Exercise may cut risk of 13 cancers, study says

May 18, 2016 Providence Health Team

Running, walking, swimming, playing tennis and other activities may be even better for you than you know.

A new study that examined data from 1.44 million people ages 19 to 98 has found that leisure-time physical activity is associated with a lower risk of 13 types of cancer, from breast cancer to myeloid leukemia.

Another reason to exercise

The findings should encourage inactive adults to exercise, said Steven Moore, an investigator with the U.S. National Cancer Institute and lead author of the study.  

Moore said the results apply to the general population as well as people with a history of smoking and those who are overweight and obese.

Health care providers have long recommended exercise to their patients, but that advice was often aimed at improving heart or emotional health, or lowering weight. The new study expands the ways in which exercise appears to be beneficial.

7 percent lower risk

The study, published in the journal JAMA Internal Medicine, found that physical activity was associated with a lower risk of these cancers:

  • Colon
  • Breast
  • Endometrial
  • Esophageal adenocarcinoma
  • Liver
  • Gastric cardia
  • Kidney
  • Myeloid leukemia

Physical activity also is associated with lower risks of cancers of the head, neck, rectum and bladder, although the link isn’t as strong. Exercise also is associated with reduced risks for lung cancer for current and former smokers.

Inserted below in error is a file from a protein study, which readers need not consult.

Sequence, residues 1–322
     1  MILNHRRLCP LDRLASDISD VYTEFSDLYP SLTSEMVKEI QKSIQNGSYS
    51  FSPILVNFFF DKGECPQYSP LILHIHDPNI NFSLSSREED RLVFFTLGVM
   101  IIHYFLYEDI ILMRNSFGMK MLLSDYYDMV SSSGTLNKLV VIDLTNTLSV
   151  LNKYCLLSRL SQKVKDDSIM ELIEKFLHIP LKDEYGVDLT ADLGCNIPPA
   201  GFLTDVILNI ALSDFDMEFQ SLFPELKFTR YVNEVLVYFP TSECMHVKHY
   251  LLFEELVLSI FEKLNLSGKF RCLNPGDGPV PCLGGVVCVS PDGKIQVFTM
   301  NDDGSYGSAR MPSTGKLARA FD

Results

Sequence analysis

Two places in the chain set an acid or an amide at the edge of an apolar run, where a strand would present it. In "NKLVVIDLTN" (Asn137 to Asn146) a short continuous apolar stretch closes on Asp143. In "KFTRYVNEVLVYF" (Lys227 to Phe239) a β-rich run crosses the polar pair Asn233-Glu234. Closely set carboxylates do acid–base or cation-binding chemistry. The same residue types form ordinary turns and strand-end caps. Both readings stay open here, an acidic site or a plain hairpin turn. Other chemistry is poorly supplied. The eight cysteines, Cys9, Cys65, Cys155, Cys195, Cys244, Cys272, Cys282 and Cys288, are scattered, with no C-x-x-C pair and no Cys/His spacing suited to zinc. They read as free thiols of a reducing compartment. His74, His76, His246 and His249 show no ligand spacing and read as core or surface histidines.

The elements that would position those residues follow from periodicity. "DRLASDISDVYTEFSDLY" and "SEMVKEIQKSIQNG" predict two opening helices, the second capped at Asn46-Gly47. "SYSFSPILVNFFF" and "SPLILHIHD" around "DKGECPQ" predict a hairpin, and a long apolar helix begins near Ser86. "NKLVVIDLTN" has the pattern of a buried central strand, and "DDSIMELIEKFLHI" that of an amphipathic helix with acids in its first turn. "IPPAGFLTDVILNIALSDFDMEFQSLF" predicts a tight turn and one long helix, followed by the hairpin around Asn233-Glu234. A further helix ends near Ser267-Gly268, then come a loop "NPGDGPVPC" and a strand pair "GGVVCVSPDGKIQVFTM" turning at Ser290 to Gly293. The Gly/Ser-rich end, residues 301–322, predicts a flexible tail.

The findings don’t draw a direct cause-and-effect relationship between exercise and lower cancer risk, but the association was statistically significant, the authors said. “In aggregate,” the study says, “higher levels of physical activity were associated with a 7 percent lower risk of total cancer.”

Looking for a link

In a statement announcing the study’s results, the National Institutes of Health suggested the link between exercise and cancer risk may be tied to metabolic pathways, or chemical reactions in cells. The statement said researchers also think there may be a connection to inflammation in the body, immune function and oxidative stress, which is an imbalance between free radicals and the body’s ability to repair the damage they do.

The study was done by researchers from the National Cancer Institute, which is part of the National Institutes of Health, and the American Cancer Society. It relied on self-reported data in which people described their physical activity routines.

What exercise qualifies

The median level of activity – the level at which half the respondents reported more activity and half reported less – was 150 minutes of moderate-intensity activity each week. That’s the amount recommended for adults by the U.S. Centers for Disease Control and Prevention. The CDC defines moderate intensity activity as:

  • Walking briskly
  • Water aerobics
  • Bicycling slower than 10 miles an hour
  • Tennis (doubles)
  • Ballroom dancing
  • General gardening

More vigorous exercise includes activities such as running, bicycling faster than 10 miles an hour, swimming laps, jumping rope, hiking uphill or with a backpack, and aerobic dancing.

“Health care professionals counseling inactive adults should promote physical activity as a component of a healthy lifestyle and cancer prevention,” Mooree said.

The study is available on the JAMA network site.

If you’d like to change your exercise habits, talk to your health care provider. Providence has resources that can help. Find a Providence provider here.

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